We exchanged cards, with intent to come back soon. . . if not Jerusalem, Vinland?


But what of resurrection? Of new life and light? Would all my ritualized darkness and wandering have opportunity to be miraculously transformed?

Thank God for schism!

A quirk in church history means there are at least two Easters. Orthodox Christians celebrate Easter on a different calendar than many western Christians and this year Orthodox Easter would follow the week after my own tradition.

I’m blessed with a Russian Orthodox church in the neighborhood, complete with blue onion domes, but am embarrassed to admit that in the decade or so I’ve lived nearby I’ve only been inside once, to a lecture.

This year would be different.

On Holy-Saturday-Take-Two, I organized a house reading of the play “The Night Thoreau Spent in Jail,” depicting what’s reported to be the first act of American civil disobedience. Then, had a long, leisurely dinner, and post-dinner coffee, before wandering over to St. Nicholas’s for the 11:30 pm Easter Vigil.

The church was dark and full. There were babies and babushkas. Chanting and prostrating.

We stood and we sang and sang and stood and stood. Soon people started putting their coats on. . . but we hadn’t even lit our candles! We were still in darkness. . . it couldn’t be over yet?

Little did I know the service would continue until 3 in the morning (and we’d stand the whole time). We’d light our candles and process around the block chanting ancient hymns, accompanied by icons. Back at the church, the priest would knock on the closed doors, and they’d be opened to us, revealing a resplendent sanctuary bathed in light and incense.

Finally, Easter!

I was amazed that I’d been oblivious to all this glory for as long as I’d lived in the neighborhood, and then realized I’d been oblivious to it for as long as I’d been alive.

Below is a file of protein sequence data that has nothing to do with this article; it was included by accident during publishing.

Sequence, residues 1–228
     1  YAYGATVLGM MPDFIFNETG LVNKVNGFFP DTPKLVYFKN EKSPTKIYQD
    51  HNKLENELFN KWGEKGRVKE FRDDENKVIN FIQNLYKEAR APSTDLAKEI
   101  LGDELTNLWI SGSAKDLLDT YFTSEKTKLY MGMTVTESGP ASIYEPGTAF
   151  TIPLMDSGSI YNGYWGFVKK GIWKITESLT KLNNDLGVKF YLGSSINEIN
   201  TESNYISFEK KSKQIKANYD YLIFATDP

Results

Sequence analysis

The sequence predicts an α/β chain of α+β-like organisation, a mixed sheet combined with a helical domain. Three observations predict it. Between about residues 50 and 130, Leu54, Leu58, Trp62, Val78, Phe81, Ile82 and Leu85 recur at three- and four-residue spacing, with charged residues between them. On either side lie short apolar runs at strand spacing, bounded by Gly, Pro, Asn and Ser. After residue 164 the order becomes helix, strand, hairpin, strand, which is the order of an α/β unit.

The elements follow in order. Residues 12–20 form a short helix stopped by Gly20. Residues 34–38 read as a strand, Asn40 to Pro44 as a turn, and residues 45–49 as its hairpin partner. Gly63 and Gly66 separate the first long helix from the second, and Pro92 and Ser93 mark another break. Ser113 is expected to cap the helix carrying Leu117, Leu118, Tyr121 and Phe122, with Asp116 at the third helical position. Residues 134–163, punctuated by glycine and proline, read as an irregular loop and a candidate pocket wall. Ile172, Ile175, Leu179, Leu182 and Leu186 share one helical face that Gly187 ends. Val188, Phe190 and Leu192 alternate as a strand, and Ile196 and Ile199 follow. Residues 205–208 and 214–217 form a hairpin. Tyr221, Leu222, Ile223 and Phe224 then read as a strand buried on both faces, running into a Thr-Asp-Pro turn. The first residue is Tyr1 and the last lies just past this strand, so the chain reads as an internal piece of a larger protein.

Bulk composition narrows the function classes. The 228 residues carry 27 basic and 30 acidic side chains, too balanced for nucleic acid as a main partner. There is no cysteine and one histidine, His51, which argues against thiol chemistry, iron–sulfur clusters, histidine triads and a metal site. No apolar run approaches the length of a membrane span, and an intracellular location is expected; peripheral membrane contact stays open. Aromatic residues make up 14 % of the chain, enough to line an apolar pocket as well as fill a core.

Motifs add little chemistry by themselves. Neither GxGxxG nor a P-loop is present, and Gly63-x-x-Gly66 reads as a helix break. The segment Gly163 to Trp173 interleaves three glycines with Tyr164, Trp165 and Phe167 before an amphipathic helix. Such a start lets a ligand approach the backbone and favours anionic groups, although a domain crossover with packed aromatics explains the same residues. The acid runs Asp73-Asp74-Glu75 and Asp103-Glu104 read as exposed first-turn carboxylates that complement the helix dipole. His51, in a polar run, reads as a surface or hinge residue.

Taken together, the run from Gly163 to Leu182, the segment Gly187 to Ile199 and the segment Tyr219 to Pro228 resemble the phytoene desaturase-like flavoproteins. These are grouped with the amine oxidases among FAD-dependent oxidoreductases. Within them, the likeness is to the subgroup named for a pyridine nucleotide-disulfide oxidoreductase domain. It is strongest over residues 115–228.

Easter at St. Nicholas reminded me that there is a promised land just on the other side, if I get up and go.

There is a light to illumine the darkness, if I stand at the door and knock.

That there is glory all around, if I’m not too oblivious to notice.

Disrupting Holidays: Purim Play

After a lifetime of not observing Purim, I made hamantaschen twice this year!

Purim is a Jewish holiday that commemorates Queen Esther’s saving of the Jewish people from Haman, who was planning to kill all the Jews. The story is recorded in the Biblical Book of Esther, with contemporary overtones I can’t help but notice.

Briefly I’ve paraphrased the story for folks more familiar with American politics than Jewish history:

Steve Bannon [Haman] said to President Trump [King Xerxes], “There is a certain people dispersed among the peoples in all the provinces of your kingdom whose customs are different from ours. . . it is not in the king’s best interest to tolerate them. If it pleases the king, let a decree be issued to ban them. . .”

When Mordecai learned of this plot he said to his cousin Melania [Esther], “Do not think that because you are in the palace you alone will escape. For if you remain silent at this time, relief and deliverance will arise from another place, but you and your father’s family will perish. And who knows but that you have come to your position for such a time as this?”

So Melania said, “I will go to him, even though it is against the law. And if I perish, I perish.”

And Melania went to the President and said, “If I have found favor with you, Your Majesty, and if it pleases you, grant me my life—this is my petition. And spare my people—this is my request. For though I have hid it from you, I am one of them and you have sold me and my people to be destroyed.”